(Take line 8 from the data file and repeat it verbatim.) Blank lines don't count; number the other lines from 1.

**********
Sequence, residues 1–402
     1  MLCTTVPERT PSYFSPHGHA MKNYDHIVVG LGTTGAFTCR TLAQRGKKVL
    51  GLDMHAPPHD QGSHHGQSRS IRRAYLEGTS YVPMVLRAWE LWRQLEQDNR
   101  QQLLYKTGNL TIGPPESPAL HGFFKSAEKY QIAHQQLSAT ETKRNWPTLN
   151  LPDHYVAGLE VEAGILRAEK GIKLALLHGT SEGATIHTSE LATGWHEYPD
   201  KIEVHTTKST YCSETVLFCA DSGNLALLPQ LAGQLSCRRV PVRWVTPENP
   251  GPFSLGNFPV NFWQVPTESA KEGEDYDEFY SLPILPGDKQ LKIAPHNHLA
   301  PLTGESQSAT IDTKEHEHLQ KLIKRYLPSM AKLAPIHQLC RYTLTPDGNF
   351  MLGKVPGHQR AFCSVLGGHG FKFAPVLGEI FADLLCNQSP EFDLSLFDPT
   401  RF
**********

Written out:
   301  PLTGESQSAT IDTKEHEHLQ KLIKRYLPSM AKLAPIHQLC RYTLTPDGNF